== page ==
U.S.

October 11, 2012

JITC senior enlisted leaders change responsibility, one retires

Tags:
Ray Ragan
Public Affairs Officer, JITC

From left, Sgt. Maj. Cary Marshall, the out-going senior enlisted leader for the Joint Interoperability Test Command stands with Command Sgt. Maj. Donald Manley, the senior enlisted advisor for the Defense Information Systems Agency and Sgt. Maj. Lewis Brown, the in-coming senior enlisted leader for JITC after the change of responsibility ceremony here on Oct. 4. After the ceremony, Marshall retired, serving 32 years in the U.S. Army and nearly four years of service to JITC, an organization charged with testing, evaluating and certifying communication and information systems and products for joint use.

With a snap of the noncommissioned officer’s sword back into its scabbard, the senior enlisted leader of the Joint Interoperability Test Command symbolically cut his ties to JITC and passed responsibility to a new senior enlisted leader during a change of responsibility ceremony here on Oct. 4.

After the change of responsibility, Sgt. Maj. Cary Marshall retired, serving 32 years in the U.S. Army and nearly four years of service to JITC, an organization charged with testing, evaluating and certifying communication and information systems and products for joint use. Accepting responsibility for JITC as the senior enlisted leader is Sgt. Maj. Lewis Brown. Presiding over the ceremony was JITC’s Commander, U.S. Army Col. Douglas Orsi.

The change of responsibility ceremony uses the noncommissioned officer’s sword to symbolize the charge of responsibility for a unit as the senior enlisted leader. Here, Marshall ceremoniously passed the sword to Command Sgt. Maj. Donald Manley, the senior enlisted advisor for the Defense Information Systems Agency. Then Manley passed the sword to Brown, who accepted his charge to provide advice to guide JITC and for the well-being of the service members, civilians and their families of JITC.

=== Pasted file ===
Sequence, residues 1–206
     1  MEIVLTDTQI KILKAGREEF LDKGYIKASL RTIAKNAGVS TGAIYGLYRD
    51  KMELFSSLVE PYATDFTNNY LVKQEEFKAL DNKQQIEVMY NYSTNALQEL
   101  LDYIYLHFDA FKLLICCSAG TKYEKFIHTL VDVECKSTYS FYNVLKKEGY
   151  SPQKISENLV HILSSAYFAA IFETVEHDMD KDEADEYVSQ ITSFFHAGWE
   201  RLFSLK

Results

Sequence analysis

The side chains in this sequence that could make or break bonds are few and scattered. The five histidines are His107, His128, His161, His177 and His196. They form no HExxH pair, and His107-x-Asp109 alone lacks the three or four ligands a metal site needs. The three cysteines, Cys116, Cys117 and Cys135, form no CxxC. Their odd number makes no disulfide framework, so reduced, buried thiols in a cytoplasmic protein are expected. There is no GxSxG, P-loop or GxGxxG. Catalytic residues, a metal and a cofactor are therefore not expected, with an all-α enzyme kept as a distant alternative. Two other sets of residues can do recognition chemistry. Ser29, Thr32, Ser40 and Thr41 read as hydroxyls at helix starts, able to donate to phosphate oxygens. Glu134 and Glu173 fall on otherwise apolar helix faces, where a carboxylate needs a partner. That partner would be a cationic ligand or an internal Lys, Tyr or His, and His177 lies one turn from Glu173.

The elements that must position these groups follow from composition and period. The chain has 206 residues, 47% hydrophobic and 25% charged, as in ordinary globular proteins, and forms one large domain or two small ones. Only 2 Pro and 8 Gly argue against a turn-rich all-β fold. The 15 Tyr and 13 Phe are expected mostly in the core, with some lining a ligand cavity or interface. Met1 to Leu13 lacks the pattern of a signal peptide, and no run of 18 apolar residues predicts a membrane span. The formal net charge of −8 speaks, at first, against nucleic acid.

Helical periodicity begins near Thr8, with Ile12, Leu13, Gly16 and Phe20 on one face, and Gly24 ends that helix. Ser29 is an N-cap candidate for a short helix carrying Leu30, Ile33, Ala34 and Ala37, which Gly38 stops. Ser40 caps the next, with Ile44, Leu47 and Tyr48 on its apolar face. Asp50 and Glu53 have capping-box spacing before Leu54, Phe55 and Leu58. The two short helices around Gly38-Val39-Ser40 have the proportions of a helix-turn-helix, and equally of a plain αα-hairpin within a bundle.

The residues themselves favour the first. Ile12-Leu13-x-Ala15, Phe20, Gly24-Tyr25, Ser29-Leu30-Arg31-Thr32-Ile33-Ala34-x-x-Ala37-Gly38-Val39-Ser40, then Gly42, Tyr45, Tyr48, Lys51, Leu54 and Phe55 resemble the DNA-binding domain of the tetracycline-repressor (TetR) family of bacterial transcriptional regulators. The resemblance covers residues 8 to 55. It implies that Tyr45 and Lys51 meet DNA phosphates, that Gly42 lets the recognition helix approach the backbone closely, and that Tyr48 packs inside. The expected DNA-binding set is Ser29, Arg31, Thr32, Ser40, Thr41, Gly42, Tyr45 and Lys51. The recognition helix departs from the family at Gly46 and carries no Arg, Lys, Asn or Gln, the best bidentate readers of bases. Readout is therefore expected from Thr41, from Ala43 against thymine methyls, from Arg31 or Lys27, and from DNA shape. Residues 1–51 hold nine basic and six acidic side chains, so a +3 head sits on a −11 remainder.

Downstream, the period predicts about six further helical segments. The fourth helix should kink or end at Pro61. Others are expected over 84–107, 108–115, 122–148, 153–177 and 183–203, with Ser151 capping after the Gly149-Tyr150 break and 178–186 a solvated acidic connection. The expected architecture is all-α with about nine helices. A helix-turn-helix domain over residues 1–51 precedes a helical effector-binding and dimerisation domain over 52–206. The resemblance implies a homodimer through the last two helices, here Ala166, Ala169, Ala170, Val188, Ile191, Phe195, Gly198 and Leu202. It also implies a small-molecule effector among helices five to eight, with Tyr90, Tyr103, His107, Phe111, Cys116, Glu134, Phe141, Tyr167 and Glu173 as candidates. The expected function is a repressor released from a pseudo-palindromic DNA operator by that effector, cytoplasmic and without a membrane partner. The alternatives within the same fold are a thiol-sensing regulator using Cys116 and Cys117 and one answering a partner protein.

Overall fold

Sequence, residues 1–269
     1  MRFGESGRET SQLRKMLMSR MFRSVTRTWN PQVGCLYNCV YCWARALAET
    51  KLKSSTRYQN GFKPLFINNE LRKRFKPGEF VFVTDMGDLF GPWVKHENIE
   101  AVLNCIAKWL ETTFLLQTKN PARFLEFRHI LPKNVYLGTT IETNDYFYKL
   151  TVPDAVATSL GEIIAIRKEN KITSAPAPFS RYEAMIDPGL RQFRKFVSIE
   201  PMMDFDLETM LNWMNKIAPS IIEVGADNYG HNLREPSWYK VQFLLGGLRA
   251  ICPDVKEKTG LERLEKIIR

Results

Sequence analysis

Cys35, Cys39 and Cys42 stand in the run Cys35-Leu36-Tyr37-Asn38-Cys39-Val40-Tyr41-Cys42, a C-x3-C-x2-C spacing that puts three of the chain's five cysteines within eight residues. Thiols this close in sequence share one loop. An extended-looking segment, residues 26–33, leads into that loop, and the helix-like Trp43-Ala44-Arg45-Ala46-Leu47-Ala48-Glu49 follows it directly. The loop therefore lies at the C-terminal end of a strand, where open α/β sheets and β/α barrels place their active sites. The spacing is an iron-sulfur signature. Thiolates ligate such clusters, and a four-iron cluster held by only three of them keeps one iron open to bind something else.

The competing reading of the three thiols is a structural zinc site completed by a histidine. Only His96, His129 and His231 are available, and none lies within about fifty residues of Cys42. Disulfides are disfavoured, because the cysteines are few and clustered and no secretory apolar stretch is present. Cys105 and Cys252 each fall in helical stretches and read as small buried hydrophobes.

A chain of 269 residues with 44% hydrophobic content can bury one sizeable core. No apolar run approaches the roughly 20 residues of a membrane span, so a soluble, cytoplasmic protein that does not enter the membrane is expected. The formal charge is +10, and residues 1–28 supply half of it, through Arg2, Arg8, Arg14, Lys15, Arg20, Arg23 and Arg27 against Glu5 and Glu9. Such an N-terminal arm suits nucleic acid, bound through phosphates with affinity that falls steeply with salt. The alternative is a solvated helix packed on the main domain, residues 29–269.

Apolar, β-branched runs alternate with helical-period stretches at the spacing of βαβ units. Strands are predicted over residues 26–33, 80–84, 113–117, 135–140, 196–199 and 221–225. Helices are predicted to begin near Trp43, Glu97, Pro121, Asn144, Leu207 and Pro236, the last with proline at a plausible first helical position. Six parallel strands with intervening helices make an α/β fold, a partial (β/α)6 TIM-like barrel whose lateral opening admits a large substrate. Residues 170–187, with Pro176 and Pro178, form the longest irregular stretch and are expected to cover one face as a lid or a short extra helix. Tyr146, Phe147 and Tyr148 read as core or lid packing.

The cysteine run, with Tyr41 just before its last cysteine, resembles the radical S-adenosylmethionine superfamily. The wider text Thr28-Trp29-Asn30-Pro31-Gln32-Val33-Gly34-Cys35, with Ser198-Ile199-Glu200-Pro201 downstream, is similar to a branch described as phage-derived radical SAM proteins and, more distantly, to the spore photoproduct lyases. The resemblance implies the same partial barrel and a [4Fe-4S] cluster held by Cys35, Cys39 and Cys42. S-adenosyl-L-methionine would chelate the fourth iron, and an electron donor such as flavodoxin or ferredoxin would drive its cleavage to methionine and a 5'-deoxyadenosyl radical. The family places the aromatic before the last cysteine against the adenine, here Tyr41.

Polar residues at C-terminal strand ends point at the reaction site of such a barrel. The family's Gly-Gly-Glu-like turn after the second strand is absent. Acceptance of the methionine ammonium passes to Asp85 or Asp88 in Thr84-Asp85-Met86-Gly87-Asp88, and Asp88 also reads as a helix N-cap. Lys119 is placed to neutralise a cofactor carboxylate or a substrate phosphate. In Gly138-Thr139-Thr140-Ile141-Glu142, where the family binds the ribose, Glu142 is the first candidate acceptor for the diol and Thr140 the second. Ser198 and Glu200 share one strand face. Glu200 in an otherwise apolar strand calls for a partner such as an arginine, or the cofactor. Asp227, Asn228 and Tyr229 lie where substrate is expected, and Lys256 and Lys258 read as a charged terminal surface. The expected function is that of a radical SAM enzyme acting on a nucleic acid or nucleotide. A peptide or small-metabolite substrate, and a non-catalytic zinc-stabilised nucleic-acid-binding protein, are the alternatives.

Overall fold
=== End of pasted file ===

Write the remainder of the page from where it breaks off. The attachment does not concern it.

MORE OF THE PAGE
“JITC family, you are getting an exceptional leader and family to your organization,” Manley said. “He [Brown] brings a wealth of knowledge through the spectrum of not only the Army, but the culture of taking care of people and their families.”

“So I can tell you, you are getting an amazing leader, as well as losing an amazing leader,” he added.

Attending the ceremony were well over 100 people, comprised of family members, service members, civilians and contractors from the Fort Huachuca-headquartered JITC, the nearby community of Sierra Vista, U.S. Army Intelligence Center and the U.S. Army Network Enterprise Technology Command, where both sergeants major previously served.

Addressing the audience, Brown said, “I am truly honored to be a member of the DISA and JITC family, as we understand our role in support of DISA’s strategic plan as a joint enabler, I look forward to working with you and for you as a servant leader to meet those goals.”

After the narrator read Marshall’s retirement orders to the audience, Marshall addressed the audience last. Marshall gripped the podium as he surveyed the audience to find his wife, Susana, his children and his two brothers, before he began with his farewell.

“Who would have thought a country boy from Selma, Alabama would be standing here today after 32 years of service. Not me,” said Marshall. “I have done a lot of things in the Army, and the Army life has been good to me and my family.”

Marshall thanked his family for their sacrifice and support, the people who mentored him through his career and the workforce of JITC for their professionalism and warmth.